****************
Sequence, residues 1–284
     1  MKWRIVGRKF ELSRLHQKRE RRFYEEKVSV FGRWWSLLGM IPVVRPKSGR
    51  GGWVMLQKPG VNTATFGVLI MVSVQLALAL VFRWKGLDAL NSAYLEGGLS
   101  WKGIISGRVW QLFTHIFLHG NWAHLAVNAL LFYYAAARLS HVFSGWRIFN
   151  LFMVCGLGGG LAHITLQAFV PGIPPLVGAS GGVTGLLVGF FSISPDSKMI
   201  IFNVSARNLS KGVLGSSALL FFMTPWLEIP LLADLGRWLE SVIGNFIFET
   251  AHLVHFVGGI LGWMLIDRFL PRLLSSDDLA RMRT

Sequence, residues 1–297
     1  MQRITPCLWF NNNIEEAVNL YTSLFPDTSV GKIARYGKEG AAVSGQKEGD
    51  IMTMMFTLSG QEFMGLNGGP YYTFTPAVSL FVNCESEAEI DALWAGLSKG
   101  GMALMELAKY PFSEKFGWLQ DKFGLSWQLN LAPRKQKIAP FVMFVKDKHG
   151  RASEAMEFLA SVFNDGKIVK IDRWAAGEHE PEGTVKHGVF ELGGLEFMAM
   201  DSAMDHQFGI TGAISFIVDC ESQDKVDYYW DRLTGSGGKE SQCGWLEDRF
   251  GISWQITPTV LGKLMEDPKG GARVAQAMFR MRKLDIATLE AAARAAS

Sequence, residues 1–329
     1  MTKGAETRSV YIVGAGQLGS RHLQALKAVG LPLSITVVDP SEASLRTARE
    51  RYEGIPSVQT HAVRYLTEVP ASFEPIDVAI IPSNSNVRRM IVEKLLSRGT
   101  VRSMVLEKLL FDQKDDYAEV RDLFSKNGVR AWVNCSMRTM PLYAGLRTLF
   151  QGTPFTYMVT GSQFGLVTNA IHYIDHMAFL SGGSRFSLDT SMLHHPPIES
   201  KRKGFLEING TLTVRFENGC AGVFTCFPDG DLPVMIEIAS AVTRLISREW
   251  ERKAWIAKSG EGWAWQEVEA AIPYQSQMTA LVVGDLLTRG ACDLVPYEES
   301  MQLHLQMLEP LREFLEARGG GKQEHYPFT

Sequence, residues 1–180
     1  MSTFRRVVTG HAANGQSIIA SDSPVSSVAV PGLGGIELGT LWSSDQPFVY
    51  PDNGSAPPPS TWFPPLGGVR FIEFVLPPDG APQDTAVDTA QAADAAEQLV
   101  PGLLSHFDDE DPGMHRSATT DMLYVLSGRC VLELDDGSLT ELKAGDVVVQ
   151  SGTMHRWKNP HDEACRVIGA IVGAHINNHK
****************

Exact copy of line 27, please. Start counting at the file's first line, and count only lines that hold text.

   151  SGTMHRWKNP HDEACRVIGA IVGAHINNHK